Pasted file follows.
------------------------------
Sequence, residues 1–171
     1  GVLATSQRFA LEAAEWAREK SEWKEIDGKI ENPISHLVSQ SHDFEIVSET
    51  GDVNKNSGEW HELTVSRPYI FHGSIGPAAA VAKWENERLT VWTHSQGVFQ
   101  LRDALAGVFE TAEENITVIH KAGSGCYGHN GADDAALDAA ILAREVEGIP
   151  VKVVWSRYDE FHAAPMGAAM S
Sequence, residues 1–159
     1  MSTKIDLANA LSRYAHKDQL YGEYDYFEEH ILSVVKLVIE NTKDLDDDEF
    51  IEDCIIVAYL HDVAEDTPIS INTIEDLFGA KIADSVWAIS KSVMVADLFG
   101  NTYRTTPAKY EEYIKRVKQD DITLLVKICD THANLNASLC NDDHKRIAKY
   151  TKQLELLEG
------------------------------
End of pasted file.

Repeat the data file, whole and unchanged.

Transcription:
Sequence, residues 1–171
     1  GVLATSQRFA LEAAEWAREK SEWKEIDGKI ENPISHLVSQ SHDFEIVSET
    51  GDVNKNSGEW HELTVSRPYI FHGSIGPAAA VAKWENERLT VWTHSQGVFQ
   101  LRDALAGVFE TAEENITVIH KAGSGCYGHN GADDAALDAA ILAREVEGIP
   151  VKVVWSRYDE FHAAPMGAAM S
Sequence, residues 1–159
     1  MSTKIDLANA LSRYAHKDQL YGEYDYFEEH ILSVVKLVIE NTKDLDDDEF
    51  IEDCIIVAYL HDVAEDTPIS INTIEDLFGA KIADSVWAIS KSVMVADLFG
   101  NTYRTTPAKY EEYIKRVKQD DITLLVKICD THANLNASLC NDDHKRIAKY
   151  TKQLELLEG